More Views of a Museum Stone

photos by Gary of @Avebury_News, the guide coordinator at Avebury NT, used with permission

This is just a small supplement to our post of February 11, More Old Film: Model of an Avebury Stone. Friend of the blog, Gary of @Avebury_News on Twitter, posted these photos of the stone we featured in that post. The photos in the last post were taken in 1955. These were taken fifty-five years later.

This now venerable display has educated generations of children and adults. As @Avebury_News said, “The model depicts how they believe the Avebury, and I guess Stonehenge, stones were potted.” By which we suppose he means set in the ground.

It is fascinating to see that, while the supporting poles do seem to have been moved, and the little antler replicas have disappeared, it looks as if the twine or string remains exactly as it was fifty-five years ago! You may well say, Why not?, but it seems to us somehow remarkable and wonderful, this sturdy stone somehow chosen to be a teacher while its fellows stay out on the landscape ignored, and this twine, probably wrapped in a moment or two by a museum worker, still just as it was.

The whole thing plays in to the timelessness of the larger site around it. We’re charmed! The stone was no doubt chosen to represent the lozenge-shaped stones, thought perhaps to represent the feminine principle. And there behind it is the beautiful, mystical (at least to us) Silbury Hill, like the umbilicus some believe it to have represented.

[This display can be found in the Stables Gallery of the Alexander Keiller Museum in Avebury, Wiltshire, UK, home of the largest stone circle in the world. In case you just stumbled on us now. (Do try to keep up!)]

And to all of our readers, happy henging!


More Old Film: Model of an Avebury Stone

photos and film link sent us by Pete Glastonbury, used with permission

Apparently posting about Stonehenge replicas is, well, just not obscure and geeky enough for us. Otherwise why would we be so delighted to bring you this odd trifle–a film from 1955, narrated by well-known British writer and television personality John Betjeman, that includes, for a few seconds, the above model showing how the  stones of the Avebury monument may have been erected? [for those who don’t know about Avebury, see here.]

We’ve posted some other Avebury models. That all started because someone mentioned and we concurred that Avebury is so much larger and impressive than Stonehenge yet there didn’t appear to be any Avebury replicas. Friend of the blog and well-known ancient sites photographer Pete Glastonbury proceeded to come up with not one but several small Avebury models and we couldn’t resist posting them.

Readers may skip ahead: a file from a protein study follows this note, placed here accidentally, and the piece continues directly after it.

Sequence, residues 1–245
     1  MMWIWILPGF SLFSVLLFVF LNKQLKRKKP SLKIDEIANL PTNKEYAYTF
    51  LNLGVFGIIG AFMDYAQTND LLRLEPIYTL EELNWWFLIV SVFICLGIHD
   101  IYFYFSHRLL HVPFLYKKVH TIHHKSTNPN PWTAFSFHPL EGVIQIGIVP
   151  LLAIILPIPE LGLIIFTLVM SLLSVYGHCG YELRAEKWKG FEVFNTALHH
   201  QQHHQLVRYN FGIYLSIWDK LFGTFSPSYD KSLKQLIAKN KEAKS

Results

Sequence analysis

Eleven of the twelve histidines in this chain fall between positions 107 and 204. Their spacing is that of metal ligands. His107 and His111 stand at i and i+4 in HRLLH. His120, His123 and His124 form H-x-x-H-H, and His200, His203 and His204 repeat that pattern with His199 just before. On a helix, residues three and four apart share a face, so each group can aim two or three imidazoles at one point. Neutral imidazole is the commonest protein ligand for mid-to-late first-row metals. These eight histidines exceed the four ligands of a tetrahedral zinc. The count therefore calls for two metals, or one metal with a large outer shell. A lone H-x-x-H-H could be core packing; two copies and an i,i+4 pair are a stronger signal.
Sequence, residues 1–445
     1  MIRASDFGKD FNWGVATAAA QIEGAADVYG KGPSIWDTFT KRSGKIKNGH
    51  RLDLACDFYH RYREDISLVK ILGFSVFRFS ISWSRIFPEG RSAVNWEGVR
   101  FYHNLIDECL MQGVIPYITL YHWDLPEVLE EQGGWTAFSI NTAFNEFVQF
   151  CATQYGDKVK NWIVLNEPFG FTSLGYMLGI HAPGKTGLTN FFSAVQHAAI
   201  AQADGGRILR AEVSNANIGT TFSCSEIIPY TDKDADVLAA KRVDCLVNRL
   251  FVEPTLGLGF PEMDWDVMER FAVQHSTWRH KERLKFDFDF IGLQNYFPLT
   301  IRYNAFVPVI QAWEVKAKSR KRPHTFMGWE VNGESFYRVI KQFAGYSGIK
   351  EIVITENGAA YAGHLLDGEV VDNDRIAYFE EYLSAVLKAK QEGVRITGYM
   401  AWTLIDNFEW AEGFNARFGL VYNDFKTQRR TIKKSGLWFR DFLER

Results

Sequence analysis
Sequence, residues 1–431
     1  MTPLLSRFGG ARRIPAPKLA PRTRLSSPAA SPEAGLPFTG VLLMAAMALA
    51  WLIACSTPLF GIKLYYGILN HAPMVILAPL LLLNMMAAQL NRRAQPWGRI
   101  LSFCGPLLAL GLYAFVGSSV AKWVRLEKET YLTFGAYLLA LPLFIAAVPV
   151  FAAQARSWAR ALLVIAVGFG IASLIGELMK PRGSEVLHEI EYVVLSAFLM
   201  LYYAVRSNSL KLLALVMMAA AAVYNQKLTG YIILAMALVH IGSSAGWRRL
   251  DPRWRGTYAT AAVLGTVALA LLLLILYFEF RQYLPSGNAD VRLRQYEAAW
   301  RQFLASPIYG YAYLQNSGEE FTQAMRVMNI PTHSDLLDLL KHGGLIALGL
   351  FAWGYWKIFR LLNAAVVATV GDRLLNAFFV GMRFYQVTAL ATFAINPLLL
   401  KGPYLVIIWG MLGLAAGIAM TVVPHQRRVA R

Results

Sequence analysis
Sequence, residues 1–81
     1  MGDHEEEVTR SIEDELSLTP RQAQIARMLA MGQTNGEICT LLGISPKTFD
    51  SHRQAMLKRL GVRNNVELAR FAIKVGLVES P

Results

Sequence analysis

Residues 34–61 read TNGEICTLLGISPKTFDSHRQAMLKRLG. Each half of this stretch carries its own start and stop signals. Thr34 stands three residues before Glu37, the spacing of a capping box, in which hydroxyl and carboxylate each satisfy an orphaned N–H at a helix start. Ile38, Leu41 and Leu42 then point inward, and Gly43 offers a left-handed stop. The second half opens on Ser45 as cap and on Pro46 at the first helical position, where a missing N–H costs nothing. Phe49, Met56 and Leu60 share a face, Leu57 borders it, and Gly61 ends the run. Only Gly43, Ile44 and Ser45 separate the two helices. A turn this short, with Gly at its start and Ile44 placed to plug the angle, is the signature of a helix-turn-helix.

This is very much the same story, except this time the only record we have of the model is this film, from about 2:08 to 2:18, minutes and seconds in. Then it goes on to the beakers of the Beaker Culture who are thought to have built Avebury and much of Stonehenge. That, like the rest of the film, is worth a look, of course, but our focus is on those ten seconds showing the model from the museum in Avebury (no doubt the one we know as the Alexander Keiller Museum–we’ve posted models from them before).

Among the things we enjoyed in the film are the certainty about the purpose of Avebury–burial, and about how the stones were erected–with poles and rawhide ropes.  We’re accustomed to much more speculation about these things now. And then there’s this sentence “What makes Avebury so strange is its sinister atmosphere.” Not everyone would agree about that, judging from accounts we’ve heard and from our own visit. Sinister is not a word we would use for the broad sunny expanse we encountered those many years ago!

First broadcast on 23 September 1955, this was the first of twenty six in the series Discovering Britain. We’re not sure whether the others are available. No score for this little stone model. It’s just to enjoy.

We’re starting to think we like this film theme and may just keep it up, on and off for a while as the Academy Awards ceremony approaches. A surprising number of films, better known than this one, featured Stonehenge or its likeness, and since most could not film at the real thing, replicas were made. Try to think of a few more films with Stonehenge-ish things in them, and see if we come up with the same list.

Until we meet again, Happy henging!

[Note: we’re told, by @Avebury_News on Twitter, that this model is still in the stables museum.]